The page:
Melbourne World Cup

Radivilov, You, Miyachi break through for gold in Melbourne World Cup finals

A satisfied Igor Radivilov (UKR) pumps his fist after clinching gold at the Melbourne World Cup. Photo: Melbourne World Cup.

A satisfied Igor Radivilov (UKR) pumps his fist after clinching gold at the Melbourne World Cup. Photo: Melbourne World Cup.

Highly experienced gymnasts prevailed on the second day of men’s finals at the Melbourne World Cup, with many-time world vault finalist Igor Radivilov of Ukraine taking gold for a wonderful stuck Dragulescu and equally good Tsuk double pike, despite excellent Tsuk triple full and Dragulescu vaults from France’s Loris Frasca, matching Radivilov vault for vault in difficulty score. Great Britain’s Dominick Cunningham drilled a terrific Yurchenko triple full for bronze.

2015 World parallel bars champion You Hao of China scooped up the gold medal and valuable world cup points on his specialty ahead of Turkish specialists Ahmet Onder and Ferhat Arican, while Hidetaka Miyachi, he of the double twisting layout Kovacs on high bar, defeated a pair of world champions in the Netherlands’s Epke Zonderland and China’s Zhang Chenglong to stand atop the podium.

More than medals are at stake in Melbourne -- depending on where they rank in finals, gymnasts also earned valuable world cup points, which go toward their standing in the world cup series, an event that began last November and will conclude in the spring of 2020. The winners of the world cup series on each event, provided they do not help their teams qualify to the Games at this year’s World Championships, will earn berths to the Tokyo Olympics.


Men’s Vault

1. Igor Radivilov, Ukraine, 14.949
2. Loris Frasca, France, 14.900
3. Dominick Cunningham, Great Britain, 14.749
4. Hidenobu Yonekura, Japan, 14.579
5. Shin Jea-hwan, South Korea, 14.566
6. Christopher Remkes, Australia, 14.083
7. Kim Han-sol, South Korea, 13.999
8. Milad Karimi, Kazakhstan, 13.583

Parallel Bars

1. You Hao, China, 15.066
2. Ahmet Onder, Turkey, 14.633
3. Ferhat Arican, Turkey, 14.366
4. Mitchell Morgans, Australia, 14.200
5. Hibiki Arayashiki, Japan, 14.066
6. Mikhail Koudinov, New Zealand, 12.933
7. Akim Mussayev, Kazakhstan, 12.266
8. Tomomasa Hasegawa, Japan, 11.466

High Bar

1. Hidetaka Miyachi, Japan, 14.733
2. Epke Zonderland, Netherlands, 14.733
3. Zhang Chenglong, China, 14.333
4. Mitchell Morgans, Australia, 14.033
5. Tyson Bull, Australia, 13.966
6. Ahmet Önder, Turkey, 13.900
7. Tin Srbic, Croatia, 13.266
8. Milad Karimi, Kazakhstan, 12.200

Yang, Lee and Yulo victorious as Melbourne World Cup finals begin

Lee Chih-Kai (TPE) won the men’s pommel horse title in Melbourne. Photo: World Cup Melbourne.

Lee Chih-Kai (TPE) won the men’s pommel horse title in Melbourne. Photo: World Cup Melbourne.

Southeast Asian gymnasts carried the day on the first day of finals at the Melbourne World Cup, with world medalists from three different nations coming away with the top prizes.

2014 world rings champion Liu Yang turned in an excellent routine on his best event to play out the same scenario with teammate You Hao, with only 0.033 separating gold and silver, while 2012 Olympic rings champion Arthur Zanetti of Brazil defeated a host of strongmen, including qualification leader Igor Radivilov of Ukraine, for bronze.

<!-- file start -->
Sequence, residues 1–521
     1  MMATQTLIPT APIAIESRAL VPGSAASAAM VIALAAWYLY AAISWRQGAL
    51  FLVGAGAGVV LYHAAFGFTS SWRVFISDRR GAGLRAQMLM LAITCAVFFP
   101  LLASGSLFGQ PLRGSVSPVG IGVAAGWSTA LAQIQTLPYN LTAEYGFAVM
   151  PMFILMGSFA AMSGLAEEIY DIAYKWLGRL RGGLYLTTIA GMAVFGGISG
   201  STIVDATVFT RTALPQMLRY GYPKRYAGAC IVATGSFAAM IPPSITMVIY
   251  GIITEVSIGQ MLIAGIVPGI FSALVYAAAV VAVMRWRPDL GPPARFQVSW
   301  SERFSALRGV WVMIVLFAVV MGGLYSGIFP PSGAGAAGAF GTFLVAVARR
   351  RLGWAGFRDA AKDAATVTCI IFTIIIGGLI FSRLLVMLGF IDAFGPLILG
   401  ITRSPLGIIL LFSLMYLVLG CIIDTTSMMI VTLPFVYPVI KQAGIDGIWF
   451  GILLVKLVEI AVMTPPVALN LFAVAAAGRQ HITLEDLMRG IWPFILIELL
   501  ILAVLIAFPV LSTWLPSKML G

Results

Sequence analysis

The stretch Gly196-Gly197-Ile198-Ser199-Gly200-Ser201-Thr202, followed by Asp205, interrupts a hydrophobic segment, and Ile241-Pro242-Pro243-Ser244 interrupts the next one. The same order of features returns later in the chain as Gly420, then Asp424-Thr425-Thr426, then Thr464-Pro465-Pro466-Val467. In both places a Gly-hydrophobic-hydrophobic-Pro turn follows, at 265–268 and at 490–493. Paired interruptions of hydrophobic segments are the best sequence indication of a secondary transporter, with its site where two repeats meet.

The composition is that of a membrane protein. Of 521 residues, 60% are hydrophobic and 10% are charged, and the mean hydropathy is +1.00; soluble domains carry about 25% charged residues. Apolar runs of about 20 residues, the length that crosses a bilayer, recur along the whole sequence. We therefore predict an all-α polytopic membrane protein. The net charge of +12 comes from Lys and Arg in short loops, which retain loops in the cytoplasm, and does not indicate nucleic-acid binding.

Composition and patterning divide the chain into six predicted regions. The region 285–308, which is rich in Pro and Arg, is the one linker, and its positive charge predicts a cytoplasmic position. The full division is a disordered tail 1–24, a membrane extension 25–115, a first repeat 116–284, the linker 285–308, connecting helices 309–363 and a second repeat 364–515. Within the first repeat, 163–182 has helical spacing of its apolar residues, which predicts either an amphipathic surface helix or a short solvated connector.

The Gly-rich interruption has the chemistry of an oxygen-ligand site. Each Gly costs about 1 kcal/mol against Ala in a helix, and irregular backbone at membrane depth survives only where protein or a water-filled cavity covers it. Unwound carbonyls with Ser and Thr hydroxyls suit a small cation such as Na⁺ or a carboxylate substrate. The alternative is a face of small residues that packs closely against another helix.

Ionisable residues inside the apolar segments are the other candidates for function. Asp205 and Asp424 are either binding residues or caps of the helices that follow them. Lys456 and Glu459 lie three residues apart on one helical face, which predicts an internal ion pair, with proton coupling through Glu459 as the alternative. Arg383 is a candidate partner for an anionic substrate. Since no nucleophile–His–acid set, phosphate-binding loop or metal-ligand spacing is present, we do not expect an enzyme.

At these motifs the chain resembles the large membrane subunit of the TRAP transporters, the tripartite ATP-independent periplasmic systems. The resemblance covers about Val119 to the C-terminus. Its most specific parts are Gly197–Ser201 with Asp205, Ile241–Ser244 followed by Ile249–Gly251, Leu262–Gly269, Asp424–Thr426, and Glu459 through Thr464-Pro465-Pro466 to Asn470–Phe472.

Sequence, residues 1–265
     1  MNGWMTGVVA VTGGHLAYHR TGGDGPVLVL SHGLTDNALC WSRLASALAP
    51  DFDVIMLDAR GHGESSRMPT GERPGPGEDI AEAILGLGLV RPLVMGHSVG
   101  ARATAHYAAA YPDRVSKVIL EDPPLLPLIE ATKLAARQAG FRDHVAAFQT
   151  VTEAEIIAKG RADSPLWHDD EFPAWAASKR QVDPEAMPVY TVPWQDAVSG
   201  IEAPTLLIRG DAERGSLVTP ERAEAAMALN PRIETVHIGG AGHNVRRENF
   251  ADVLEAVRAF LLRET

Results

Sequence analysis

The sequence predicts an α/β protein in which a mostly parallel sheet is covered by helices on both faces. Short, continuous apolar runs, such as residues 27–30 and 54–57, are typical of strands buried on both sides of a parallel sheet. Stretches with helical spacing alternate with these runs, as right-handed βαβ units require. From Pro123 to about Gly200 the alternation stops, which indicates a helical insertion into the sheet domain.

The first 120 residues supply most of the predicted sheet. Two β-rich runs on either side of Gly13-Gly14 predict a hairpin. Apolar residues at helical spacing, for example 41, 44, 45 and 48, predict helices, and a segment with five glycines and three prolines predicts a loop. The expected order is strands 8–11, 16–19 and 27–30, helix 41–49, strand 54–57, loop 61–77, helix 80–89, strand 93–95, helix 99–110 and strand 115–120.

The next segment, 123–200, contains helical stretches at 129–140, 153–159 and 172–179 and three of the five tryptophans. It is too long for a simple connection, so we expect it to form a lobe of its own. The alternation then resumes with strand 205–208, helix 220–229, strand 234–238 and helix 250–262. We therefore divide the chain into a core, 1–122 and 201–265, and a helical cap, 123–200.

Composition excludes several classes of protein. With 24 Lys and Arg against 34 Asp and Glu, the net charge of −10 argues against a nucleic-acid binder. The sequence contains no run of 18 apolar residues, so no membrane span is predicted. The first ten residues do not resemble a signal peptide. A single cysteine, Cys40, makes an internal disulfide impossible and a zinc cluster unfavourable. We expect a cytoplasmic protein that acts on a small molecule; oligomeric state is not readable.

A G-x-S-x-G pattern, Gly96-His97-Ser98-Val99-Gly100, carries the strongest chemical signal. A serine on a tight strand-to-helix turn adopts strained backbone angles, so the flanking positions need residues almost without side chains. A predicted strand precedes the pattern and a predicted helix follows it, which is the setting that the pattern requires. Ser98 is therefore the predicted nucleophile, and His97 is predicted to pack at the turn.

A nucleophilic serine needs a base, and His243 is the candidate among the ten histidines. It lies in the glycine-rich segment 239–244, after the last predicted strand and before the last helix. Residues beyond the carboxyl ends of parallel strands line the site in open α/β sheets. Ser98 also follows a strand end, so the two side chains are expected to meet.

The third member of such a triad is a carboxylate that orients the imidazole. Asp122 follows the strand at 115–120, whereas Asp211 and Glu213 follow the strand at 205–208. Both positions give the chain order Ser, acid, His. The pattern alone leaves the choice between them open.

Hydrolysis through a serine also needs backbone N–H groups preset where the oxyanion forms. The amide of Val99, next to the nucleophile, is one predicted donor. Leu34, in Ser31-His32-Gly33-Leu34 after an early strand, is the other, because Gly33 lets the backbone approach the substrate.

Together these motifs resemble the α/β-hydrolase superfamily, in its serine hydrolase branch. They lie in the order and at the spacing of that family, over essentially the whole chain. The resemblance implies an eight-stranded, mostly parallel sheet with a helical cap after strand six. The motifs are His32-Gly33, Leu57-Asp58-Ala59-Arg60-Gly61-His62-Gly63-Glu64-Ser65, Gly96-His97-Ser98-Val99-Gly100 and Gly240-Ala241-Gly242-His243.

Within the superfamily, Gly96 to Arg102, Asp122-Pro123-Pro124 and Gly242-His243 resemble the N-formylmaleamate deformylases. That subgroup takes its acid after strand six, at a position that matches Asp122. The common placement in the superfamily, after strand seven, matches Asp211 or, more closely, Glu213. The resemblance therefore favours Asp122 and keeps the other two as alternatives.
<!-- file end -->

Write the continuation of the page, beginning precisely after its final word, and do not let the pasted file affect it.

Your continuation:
Chinese Taipei’s Chih-Kai Lee proved the class of the field on pommel horse, flairing his way to gold over China’s Weng Hao and Japanese specialist Tomagasa Hasegawa. All three posted routines with 6.5 difficulty score, but Lee’s execution carried the day, albeit barely -- like on rings, the difference between first and second was a mere 0.033.

A fall from qualification leader Ahmet Onder of Turkey on his full-in final pass opened up the men’s field for world bronze medalist Carlos Yulo of the Philippines, who stepped up to win his first ever world cup title (running double front pike half out, 2.5 to Randi, 3.5 to front half, double full, front full to front double full, triple twist), with newcomer Hibiki Arayashiki of Japan using many of the same passes in a silver medal effort.


Men’s floor

1. Carlos Edriel Yulo, Philippines, 14.566
2. Hibiki Arayashiki, Japan, 14.500
3. Rayderley Zapata, Spain, 14.500
3. Dominick Cunningham, Great Britain, 14.500
5. Kim Han-sol, South Korea, 14.200
6. Casimir Schmidt, Netherlands, 13.833
7. Christopher Remkes, Australia, 13.733
8. Ahmet Önder, Turkey, 13.166

Pommel horse

1. Lee Chih-Kai, Chinese Taipei, 15.266
2. Weng Hao, China, 15.233
3. Tomomasa Hasegawa, Japan, 14.666
4. Thierry Pellerin, Canada, 13.700
5. Ferhat Arican, Turkey, 13.133
6. Bram Louwije, Netherlands, 12.766
7. Akim Mussayev, Kazakhstan, 12.700
8. Cyril Tommasone, France, 12.033

Still rings

1. Liu Yang, China, 15.166
2. You Hao, China, 15.133
3. Arthur Zanetti, Brazil, 14.966
4. Kazuya Takahashi, Japan, 14.600
5. Courtney Tulloch, Great Britain, 14.600
6. Igor Radivilov, Ukraine, 14.566
7. Ali Zahran, Egypt, 14.400
8. Ryan Oehrlein, Canada, 14.000